As Americans endure one of the most unpleasant and depressing election seasons in a long time, it might be productive to consider how we ended up with a Presidential race between a buffoon and a woman people love to hate.
Pundits have had a field day speculating on why Donald Trump won the GOP primaries. They have faulted the party, identified nativism as the heart of his appeal, and accused the media of allowing him to manipulate–and dominate–the news cycles. All of which is accurate, as far as it goes, but it doesn’t go far enough.
If more Americans understood how government works, and what skills public office requires, the willingness to believe that anyone who had run a business could just as easily manage the affairs of the nation would disappear.
I have remarked before on the evidently widespread belief that Americans go to the polls every four years to elect a monarch, who can then wave a magic wand and effect policy change. For people who do not understand checks and balances, or federalism, or the policy process, voting for someone as unfit for office as Donald Trump may seem reasonable; for the rest of us, it’s madness.
What about the pervasive suspicion of, and distaste for, Hillary Clinton? How much of that criticism is fair, and how much isn’t?
Michael Arnovitz has probably provided the most in-depth analysis of that criticism. Both the essay linked to and the previous one referenced in it are well worth reading in their entireties, but a couple of his observations about “Hillary hatred” are particularly relevant here:
I am sure that [my] last statement about policy sent a bunch of people lunging for their keyboards in order to explain to me that Hillary Clinton’s policies are exactly what they DON’T like about her. But it is very clear to me that this is not the case. The vast majority of messages and comments about HRC that I see consist almost solely of either personal attacks, false claims, childish conspiracy theories, assumptions of guilt by association or complaints about legislation passed by her husband decades ago. Almost none of the comments I see (or have received) even bother to address her current policy positions, and most of the small few that do either willfully misrepresent them, assume as a given that they are terrible or dismiss them altogether as mere political expediency.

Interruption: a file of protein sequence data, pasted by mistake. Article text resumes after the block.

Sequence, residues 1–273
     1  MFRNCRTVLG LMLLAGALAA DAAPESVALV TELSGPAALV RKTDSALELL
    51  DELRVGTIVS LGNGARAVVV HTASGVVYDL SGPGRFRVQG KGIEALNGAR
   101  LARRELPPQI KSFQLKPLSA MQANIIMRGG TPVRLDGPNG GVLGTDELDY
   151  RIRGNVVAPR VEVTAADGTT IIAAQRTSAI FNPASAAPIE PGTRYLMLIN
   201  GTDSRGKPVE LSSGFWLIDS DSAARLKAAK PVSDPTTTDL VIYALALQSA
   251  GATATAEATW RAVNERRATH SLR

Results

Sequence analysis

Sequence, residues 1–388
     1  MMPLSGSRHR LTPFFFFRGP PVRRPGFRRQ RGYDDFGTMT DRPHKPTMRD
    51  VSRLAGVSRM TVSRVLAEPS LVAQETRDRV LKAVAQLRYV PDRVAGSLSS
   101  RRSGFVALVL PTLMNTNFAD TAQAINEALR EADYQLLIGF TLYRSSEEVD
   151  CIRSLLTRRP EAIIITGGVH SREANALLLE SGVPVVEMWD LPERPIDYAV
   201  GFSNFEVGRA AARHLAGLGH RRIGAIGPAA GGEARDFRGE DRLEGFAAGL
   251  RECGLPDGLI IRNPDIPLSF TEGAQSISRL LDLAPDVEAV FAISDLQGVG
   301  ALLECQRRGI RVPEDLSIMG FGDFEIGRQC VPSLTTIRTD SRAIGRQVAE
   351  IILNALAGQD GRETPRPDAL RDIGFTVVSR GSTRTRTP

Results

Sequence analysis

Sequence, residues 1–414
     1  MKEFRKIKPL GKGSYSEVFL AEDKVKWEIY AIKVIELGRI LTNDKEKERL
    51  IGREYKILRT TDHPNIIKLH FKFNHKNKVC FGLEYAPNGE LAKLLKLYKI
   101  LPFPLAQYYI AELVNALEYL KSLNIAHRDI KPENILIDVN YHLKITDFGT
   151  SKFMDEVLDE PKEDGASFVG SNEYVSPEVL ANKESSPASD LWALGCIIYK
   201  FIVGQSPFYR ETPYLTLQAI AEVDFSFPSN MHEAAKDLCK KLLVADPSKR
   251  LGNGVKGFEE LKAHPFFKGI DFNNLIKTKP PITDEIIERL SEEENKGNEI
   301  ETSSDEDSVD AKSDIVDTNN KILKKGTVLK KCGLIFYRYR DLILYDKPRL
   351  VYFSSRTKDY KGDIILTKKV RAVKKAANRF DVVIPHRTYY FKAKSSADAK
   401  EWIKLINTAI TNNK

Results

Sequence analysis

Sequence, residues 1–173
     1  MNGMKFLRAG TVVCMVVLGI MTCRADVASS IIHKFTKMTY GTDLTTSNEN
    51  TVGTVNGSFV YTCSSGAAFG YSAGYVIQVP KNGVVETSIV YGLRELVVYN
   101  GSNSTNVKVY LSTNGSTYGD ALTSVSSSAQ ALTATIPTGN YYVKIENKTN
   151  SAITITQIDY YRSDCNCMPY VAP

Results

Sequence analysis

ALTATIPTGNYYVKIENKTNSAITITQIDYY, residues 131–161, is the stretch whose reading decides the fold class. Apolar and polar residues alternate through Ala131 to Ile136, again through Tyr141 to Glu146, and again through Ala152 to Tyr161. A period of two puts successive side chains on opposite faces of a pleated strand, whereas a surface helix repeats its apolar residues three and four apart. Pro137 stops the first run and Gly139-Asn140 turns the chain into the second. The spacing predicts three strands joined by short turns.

Arnovitz notes the extent to which criticisms of Clinton are founded on the same lack of understanding of how government actually works that gave us Trump:
Factions with strict ideological agendas love to pretend as if all policy issues, problems and solutions are simple and self-evident. But this is absurd. In truth, our world is now connected by an incredibly complex web of political, legal and economic relationships; a Gordian knot of competing agendas that can quickly take “simple” solutions to very unhappy places. Responsible politicians know this, and the law of unintended consequences patiently waits for those foolish enough to think otherwise. Which is why seasoned leaders like Hillary Clinton often favor nuanced and incrementalist approaches. These approaches are not particularly inspiring, to be sure. They also leave politicians like Clinton open to charges of avoiding necessary change or maintaining “failed” systems. But on the plus side they don’t set the world on fire. …
Finally, Arnovitz considers the years of GOP demonization of Clinton.
And finally, for those progressives who insist that there is no difference between Hillary Clinton and Republicans. You know who does see a difference? Republicans. And in fact they seem to think there’s a pretty big fucking difference. Which may have something to do with why they have spent tens of millions of dollars and unknown thousands of man-hours over a multi-decade period on a single unrelenting enterprise: convincing anyone who would listen that one of the most qualified public servants in America is actually a lying, corrupt she-devil. And clearly, for at least for some of us, it was money well spent.
People are free to dismiss Arnovitz (or the fascinating article by Ezra Klein in Vox, exploring the gap between how Clinton is seen by those who know her and the public persona that triggers negative reactions), but we all need to consider what years of living with unremitting politically-motivated attacks signify to talented young people (especially women) who might consider a career in public service. Because it isn’t just Hillary Clinton, although she certainly is a high profile example.
Why enter public life, if every mistake you make, every human flaw you exhibit–and we all have them– is going to be relentlessly politicized and exaggerated?
Why “pay your dues” studying policy, or serving in a variety of public-sector positions, if voters see no difference between celebrity and competence?
Before we march to the polls to cast our votes, perhaps we should learn what the job requires, and which criticisms are relevant and which aren’t.